Bangor University King Arthur
Unravelling the legends surrounding King Arthur and Celtic myths will be the focus of a Welsh university centre dedicated to the subject.
Bangor University’s Centre for Arthurian Studies officially opens next week.
The college is the only place in the world to offer a master’s degree in Arthurian literature.
Prof Raluca Radulescu said it would “showcase the origins of the stories in medieval Wales”.
“The Arthurian legends have become so embedded in modern life, culture and politics,” said Prof Radulescu, who is also the general editor for the journal International Arthurian Society.
“Nineteenth Century revivals and reinterpretations of the legends are the source of much modern fantasy, though the medieval sources remain a focus of much research and fascination among scholarly audiences and the general public alike.”
The university is home to one of the UK’s best collections of texts linked to Arthur, his knights and legends, and the ever-present wizard Merlin – from where folklore claimed the town of Carmarthen is said to get its name – in Welsh – Caerfyrddin, or Myrddin’s Fort.
In 2015, the university also acquired the Harries Arthurian collection from Flintshire.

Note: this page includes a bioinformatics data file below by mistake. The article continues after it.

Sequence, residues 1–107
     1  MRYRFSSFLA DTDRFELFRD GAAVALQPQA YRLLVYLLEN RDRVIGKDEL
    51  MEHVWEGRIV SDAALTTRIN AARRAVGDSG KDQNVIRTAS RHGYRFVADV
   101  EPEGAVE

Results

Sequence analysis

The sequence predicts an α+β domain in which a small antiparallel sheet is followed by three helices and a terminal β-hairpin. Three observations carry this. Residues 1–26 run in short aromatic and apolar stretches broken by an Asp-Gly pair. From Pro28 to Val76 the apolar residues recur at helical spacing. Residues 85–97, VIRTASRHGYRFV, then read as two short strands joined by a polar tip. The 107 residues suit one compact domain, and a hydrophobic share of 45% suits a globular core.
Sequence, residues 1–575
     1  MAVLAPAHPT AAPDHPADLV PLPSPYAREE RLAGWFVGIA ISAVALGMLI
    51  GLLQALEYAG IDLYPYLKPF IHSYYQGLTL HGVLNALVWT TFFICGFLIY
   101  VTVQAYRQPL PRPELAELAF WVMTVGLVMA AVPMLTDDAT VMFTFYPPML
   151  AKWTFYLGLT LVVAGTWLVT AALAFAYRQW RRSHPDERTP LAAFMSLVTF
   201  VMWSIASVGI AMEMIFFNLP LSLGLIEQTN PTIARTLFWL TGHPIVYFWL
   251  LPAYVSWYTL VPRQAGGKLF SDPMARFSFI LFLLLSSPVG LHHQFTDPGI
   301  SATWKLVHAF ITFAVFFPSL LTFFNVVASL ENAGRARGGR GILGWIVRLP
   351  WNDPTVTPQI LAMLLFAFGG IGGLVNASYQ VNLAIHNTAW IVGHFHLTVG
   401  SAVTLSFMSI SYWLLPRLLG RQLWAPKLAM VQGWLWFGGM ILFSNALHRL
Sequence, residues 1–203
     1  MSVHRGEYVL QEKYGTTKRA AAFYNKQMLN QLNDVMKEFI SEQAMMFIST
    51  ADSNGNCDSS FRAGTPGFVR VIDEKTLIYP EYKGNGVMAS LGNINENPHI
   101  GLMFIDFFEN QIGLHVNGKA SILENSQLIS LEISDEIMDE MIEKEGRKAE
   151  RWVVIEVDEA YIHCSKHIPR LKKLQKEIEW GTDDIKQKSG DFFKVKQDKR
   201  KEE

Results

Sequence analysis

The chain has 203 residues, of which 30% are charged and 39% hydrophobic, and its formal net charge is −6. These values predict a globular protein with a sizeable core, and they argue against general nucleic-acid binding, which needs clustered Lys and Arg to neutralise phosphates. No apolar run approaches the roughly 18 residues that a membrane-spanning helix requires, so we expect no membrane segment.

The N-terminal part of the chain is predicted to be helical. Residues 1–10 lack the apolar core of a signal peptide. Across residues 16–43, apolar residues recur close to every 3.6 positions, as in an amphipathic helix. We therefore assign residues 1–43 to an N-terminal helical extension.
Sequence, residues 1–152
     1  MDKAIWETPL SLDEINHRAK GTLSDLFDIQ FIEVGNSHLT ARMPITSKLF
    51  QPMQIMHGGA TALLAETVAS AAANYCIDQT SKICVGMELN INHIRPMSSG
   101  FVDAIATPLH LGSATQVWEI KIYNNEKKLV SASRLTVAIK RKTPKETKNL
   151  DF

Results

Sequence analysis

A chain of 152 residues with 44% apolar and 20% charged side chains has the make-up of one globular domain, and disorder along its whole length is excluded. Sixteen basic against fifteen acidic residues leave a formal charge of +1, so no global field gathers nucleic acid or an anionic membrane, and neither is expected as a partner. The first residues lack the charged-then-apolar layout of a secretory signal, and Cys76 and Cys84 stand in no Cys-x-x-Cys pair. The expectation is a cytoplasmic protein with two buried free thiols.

The official opening of the centre marks a year in Wales where its legends are being celebrated as part of a Welsh Government campaign to mark the nation’s culture and history.
The Year of Legends includes a Merlin festival in Carmarthen, and coincides with the expected premier of a new Hollywood film about King Arthur.
Prof Radulescu added: “With a new Hollywood movie on the ‘Legend of the Sword’, shot in scenic north Wales, in Snowdonia, to be released later this year, we are well placed to showcase the origins of the stories in medieval Wales.”
The official launch of the Centre for Arthurian Studies will see a series of lectures next Friday, examining Arthur’s place in Wales, and discussing why medieval legends remain relevant in the 21st Century.